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How A Virtual Powwow Helped Heal A Spirit Broken During The Pandemic

Kay Oxendine of the Haliwa Saponi Tribe in North Carolina, was set to serve as the first woman to emcee of the tribe's annual powwow — until the event was canceled amid the coronavirus pandemic.
Courtesy of Kay Oxendine
Kay Oxendine of the Haliwa Saponi Tribe in North Carolina, was set to serve as the first woman to emcee of the tribe's annual powwow — until the event was canceled amid the coronavirus pandemic.

It's powwow season — the time of year when across the country, Native American tribes should be getting together to celebrate their culture with food, dancing, singing and drumming. Kay Oxendine is a member of the Haliwa Saponi Tribe in North Carolina.

"Every year we know it's coming; like, the birds sing differently," she told NPR. "It's almost like spring arrives when the powwow does."

Oxendine is an author and educator and the mistress of ceremonies for a number of powwows in the eastern U.S. It's a job she loves: telling stories to the crowd and introducing the dancers, singers and drummers. She was set to be the first woman to emcee her tribe's powwow, scheduled for Friday, April 17, to Sunday April 19, at the Tribal Ceremonial Grounds in Hollister, N.C.

About 5,000 people would've been there, but she knew it would be canceled because of the coronavirus pandemic. What she says she didn't expect was that her mind and body were still expecting the celebration.

"So I wake up on Friday morning and it's like I wake up and I open my eyes and I'm looking, oh, my God, it's here! Literally was like a kid. And I jumped out of bed, and I'm like YAY, and I said to my son, it's powwow time. And he was like, 'Mom.' "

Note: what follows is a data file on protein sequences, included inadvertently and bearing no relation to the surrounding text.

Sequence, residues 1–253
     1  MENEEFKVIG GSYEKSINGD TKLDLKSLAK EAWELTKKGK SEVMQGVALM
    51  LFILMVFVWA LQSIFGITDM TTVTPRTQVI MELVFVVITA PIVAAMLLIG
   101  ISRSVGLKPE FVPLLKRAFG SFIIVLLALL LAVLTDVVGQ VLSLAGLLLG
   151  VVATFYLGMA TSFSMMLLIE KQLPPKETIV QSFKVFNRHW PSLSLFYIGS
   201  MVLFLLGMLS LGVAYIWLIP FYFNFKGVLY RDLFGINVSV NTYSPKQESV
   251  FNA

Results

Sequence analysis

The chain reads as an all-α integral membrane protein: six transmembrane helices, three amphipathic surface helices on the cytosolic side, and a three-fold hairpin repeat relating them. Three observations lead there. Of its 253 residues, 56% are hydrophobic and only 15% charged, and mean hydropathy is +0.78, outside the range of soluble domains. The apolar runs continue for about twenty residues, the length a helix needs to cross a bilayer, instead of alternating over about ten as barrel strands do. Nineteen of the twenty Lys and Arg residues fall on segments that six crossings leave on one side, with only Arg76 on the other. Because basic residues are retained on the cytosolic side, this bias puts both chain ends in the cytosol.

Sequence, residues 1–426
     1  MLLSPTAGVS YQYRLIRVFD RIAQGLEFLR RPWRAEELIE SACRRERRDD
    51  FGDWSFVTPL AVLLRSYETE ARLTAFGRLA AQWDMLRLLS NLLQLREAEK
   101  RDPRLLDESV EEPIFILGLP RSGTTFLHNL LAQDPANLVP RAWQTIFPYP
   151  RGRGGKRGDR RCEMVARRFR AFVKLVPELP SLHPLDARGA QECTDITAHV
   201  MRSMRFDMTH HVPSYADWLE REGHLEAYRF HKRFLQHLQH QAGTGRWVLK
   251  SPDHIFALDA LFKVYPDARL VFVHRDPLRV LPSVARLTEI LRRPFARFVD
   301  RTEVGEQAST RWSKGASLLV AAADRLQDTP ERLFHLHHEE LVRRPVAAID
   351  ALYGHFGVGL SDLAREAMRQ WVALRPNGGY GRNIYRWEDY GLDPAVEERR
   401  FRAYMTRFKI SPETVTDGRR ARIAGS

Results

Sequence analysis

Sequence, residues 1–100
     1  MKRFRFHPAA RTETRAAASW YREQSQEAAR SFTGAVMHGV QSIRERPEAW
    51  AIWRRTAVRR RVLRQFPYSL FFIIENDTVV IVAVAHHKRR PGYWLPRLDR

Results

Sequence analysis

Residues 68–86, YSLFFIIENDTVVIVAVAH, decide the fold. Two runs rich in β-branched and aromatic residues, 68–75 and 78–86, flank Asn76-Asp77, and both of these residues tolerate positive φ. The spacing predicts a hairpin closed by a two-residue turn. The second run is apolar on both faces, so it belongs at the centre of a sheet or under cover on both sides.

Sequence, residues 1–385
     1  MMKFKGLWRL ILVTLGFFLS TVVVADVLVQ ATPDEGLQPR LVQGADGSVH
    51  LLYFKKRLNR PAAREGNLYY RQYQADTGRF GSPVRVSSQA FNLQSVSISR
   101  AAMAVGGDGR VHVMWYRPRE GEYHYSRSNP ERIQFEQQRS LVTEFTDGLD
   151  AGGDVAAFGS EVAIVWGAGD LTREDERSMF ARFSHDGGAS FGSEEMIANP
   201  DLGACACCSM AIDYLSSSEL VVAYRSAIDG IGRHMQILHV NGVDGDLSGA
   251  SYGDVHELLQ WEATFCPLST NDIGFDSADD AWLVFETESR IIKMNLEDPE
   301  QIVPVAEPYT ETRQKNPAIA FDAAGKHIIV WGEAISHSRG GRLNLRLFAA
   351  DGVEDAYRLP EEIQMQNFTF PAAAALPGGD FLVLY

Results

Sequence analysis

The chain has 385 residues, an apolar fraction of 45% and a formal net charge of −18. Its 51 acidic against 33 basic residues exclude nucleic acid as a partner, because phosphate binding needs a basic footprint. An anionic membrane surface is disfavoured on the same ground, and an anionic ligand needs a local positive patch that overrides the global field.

She felt physically ill.

"I actually threw up. I actually I got physically ill. It felt like I was pregnant but couldn't give birth."

Then, she says she noticed on Facebook that a member of the Haliwa Saponi Tribal Council had scheduled a virtual Haliwa powwow. "And I'm like, man, you know, stop, what are you doing?" It seemed like such a strange idea.

But she says it was wonderful "because what she did, she encouraged people to still dress in their regalia. And so one of our previous tribal administrators, Archie Lynch, who is also my cousin, he lit a fire and he was out there and he had sage. He was blessing the grounds. It was in his backyard. But, you know, it just meant the world to me."

Following the powwow, there's normally an after party with a deejay. This year, one of the tribal members held a virtual after party.

"We were brought up on Otis Redding and soul music around here — music that just makes you want to get up and dance," she says.

So Oxendine got up and danced.

"I'm sitting in my room, the music is blasting. I'm sitting in front of my computer, I'm dancing in my living room. My son thinks I've lost my mind. "

It was just what her spirit needed.

"It was it was just the most beautiful thing I think I've ever encountered. It helped me. It really helped me heal a lot."

Copyright 2021 NPR. To see more, visit https://www.npr.org.

Corrected: May 7, 2020 at 11:00 PM CDT
The audio version of this story incorrectly says that Kay Oxendine is the longtime emcee of the Haliwa Saponi Powwow. She is a longtime powwow emcee, but this was to be her first time for the Haliwa Saponi.
As supervising editor for Arts and Culture at NPR based at NPR West in Culver City, Ted Robbins plans coverage across NPR shows and online, focusing on TV at a time when there's never been so much content. He thinks "arts and culture" encompasses a lot of human creativity — from traditional museum offerings to popular culture, and out-of-the-way people and events.
Rose Friedman is an Associate Editor for NPR's Arts, Books & Culture desk. She edits radio pieces on a range of subjects, including books, pop culture, fine arts, theater, obituaries and the occasional Harry Potter-check-in. She is also co-creator of NPR's annual Book Concierge and the podcast recommendation site Earbud.fm. In addition, Rose has edited commentaries for the network, as well as regular features like This Week's Must Read on All Things Considered.